The Muscadet Sevre-et-Maine
appellation spans 23 communes to the southeast of Nantes and is named after two rivers that run through the vineyard area: the Petite Maine and Sèvre Nantaise. The Muscadet Sevre-et-Maine
vineyards cover more than 9,000 hectares and express themselves on soils with a very varied structure of igneous and metamorphic rock from the Massif Armoricain, mainly comprising gneiss, mica schists, and smaller amounts of greenstone and granite. The entire vineyard area benefits from a temperate oceanic climate with even rainfall throughout the year. There are slight differences in the climate from one end of the wine region to the other. These are caused by the varying distances from the coast, the Loire and other bodies or water. Muscadet Sevre-et-Maine wines obtained its AOC by decree in 1936.
Annual production is 418,000 hectolitres. The appellation's grape is the Melon de Bourgogne, also known as the Muscadet. The crystalline rock of the southeast of Nantes endows the wines with greater finesse than the areas of sedimentary rock. This is one of the earliest-ripening appellation grape varieties in France. Muscadet Sevre-et-Maine wines are often well-structured with good cellar-ageing ability depending on the terroir. Notable wines from the appellation's many producers are those from Domaine Pierre Luneau Papin, Domaine Brégéon, Domaine Joseph Landron, Domaine de l'Ecu and Domaine de la Pépière.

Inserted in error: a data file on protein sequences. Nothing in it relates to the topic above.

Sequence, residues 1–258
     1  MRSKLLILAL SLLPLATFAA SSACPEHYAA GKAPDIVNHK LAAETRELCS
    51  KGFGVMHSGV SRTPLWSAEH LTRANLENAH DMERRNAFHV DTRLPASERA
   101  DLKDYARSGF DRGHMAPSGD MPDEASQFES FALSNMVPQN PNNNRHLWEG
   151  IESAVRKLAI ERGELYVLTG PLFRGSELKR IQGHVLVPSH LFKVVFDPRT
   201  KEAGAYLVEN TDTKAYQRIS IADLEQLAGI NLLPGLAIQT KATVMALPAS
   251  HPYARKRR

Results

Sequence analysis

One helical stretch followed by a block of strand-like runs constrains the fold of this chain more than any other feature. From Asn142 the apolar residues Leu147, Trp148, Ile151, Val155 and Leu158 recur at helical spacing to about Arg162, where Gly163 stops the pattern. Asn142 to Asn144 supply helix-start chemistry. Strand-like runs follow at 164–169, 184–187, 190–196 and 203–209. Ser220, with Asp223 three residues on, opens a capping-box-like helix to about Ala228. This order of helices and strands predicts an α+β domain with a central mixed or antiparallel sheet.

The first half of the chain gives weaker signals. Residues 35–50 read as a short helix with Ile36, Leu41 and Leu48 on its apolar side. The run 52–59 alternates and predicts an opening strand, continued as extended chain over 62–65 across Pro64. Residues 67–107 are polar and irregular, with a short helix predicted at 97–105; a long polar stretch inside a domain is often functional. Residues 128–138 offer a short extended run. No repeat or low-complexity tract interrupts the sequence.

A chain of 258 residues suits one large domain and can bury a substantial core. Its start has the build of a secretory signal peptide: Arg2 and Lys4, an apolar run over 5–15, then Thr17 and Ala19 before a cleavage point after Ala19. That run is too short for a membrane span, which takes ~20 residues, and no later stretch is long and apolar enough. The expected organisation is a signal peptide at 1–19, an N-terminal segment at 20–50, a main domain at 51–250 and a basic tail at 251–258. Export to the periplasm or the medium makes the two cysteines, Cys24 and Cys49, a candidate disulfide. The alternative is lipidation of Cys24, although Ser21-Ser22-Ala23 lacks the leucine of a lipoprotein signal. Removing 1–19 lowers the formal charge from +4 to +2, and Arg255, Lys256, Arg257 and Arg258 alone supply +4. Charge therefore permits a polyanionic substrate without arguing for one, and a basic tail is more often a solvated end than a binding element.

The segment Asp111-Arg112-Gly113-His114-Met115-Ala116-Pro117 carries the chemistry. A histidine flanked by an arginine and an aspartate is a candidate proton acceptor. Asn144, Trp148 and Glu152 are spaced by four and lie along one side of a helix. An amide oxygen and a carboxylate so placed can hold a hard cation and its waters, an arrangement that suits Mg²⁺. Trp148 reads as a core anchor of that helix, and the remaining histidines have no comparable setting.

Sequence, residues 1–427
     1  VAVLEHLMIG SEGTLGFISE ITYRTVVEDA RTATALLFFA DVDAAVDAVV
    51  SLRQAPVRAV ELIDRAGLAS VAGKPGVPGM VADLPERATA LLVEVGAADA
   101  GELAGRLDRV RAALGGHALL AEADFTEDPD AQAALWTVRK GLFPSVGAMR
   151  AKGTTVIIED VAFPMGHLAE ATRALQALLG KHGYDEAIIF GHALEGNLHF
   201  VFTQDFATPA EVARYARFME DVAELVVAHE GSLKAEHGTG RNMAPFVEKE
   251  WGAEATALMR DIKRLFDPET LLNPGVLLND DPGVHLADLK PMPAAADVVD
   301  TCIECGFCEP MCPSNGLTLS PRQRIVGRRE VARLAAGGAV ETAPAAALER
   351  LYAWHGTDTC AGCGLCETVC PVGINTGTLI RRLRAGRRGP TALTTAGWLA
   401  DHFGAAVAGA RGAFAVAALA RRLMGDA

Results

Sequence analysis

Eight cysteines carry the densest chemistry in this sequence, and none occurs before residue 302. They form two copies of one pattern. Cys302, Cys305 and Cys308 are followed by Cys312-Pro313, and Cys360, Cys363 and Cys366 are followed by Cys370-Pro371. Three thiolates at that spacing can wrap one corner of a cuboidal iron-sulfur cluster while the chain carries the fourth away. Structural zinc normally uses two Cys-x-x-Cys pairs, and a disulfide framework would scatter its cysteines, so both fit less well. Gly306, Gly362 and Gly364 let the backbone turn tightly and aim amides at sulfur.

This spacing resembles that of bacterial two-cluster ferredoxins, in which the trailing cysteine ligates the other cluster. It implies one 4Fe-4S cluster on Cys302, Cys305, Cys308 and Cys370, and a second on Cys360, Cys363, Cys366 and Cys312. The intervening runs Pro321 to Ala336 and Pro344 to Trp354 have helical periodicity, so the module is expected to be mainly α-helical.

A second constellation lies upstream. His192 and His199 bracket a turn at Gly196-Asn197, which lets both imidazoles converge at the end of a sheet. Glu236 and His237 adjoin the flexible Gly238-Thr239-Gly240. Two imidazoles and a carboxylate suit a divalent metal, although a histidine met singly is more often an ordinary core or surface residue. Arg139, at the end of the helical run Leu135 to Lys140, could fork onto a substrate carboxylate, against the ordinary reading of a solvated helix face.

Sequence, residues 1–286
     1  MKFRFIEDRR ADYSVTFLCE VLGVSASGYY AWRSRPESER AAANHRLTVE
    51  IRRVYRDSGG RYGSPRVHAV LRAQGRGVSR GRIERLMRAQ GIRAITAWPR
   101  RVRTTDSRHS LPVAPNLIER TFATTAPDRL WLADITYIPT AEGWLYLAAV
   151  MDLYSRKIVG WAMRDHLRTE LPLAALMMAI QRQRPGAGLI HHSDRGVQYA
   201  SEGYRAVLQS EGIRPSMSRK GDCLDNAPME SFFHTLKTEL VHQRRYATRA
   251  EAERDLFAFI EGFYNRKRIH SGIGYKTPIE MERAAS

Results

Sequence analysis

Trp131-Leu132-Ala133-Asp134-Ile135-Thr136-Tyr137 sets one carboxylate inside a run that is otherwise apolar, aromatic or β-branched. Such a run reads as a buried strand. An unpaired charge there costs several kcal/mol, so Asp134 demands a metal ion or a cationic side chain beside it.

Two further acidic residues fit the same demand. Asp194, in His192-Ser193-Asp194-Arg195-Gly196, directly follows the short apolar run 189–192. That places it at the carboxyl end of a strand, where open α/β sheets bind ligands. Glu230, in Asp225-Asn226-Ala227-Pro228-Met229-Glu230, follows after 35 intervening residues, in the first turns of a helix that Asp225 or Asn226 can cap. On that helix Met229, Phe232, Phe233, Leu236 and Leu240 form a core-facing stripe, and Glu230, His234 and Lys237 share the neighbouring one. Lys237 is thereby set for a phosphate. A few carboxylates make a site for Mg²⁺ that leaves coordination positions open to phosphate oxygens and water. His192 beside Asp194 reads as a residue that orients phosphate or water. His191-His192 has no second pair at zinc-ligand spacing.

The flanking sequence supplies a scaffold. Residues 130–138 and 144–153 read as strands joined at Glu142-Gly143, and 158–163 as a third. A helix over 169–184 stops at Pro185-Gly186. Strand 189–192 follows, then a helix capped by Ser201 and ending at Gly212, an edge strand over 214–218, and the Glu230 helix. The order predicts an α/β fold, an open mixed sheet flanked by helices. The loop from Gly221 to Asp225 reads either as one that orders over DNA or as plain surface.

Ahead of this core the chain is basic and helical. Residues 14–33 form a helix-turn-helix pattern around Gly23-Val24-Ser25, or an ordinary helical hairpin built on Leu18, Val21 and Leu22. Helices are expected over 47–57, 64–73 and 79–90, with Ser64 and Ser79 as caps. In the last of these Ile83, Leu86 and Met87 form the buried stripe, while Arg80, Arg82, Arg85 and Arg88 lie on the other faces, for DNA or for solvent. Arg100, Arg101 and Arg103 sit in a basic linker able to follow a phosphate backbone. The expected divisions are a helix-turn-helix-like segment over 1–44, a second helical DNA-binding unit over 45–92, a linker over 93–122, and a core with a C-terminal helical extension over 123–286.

Muscadet Sevre-et-Maine wine can also use the "Sur Lie" descriptor: early last century, the Nantes wine producers used to save the best barrel of the harvest to celebrate important family events. Stored without racking, this "wedding barrel" gave the wine a particular character. It was fresher on the palate and its bouquet, more complete… Muscadet Sevre-et-Maine "Sur Lie" was born.
More informations on the website of the wines of Muscadet Sèvre-et-Maine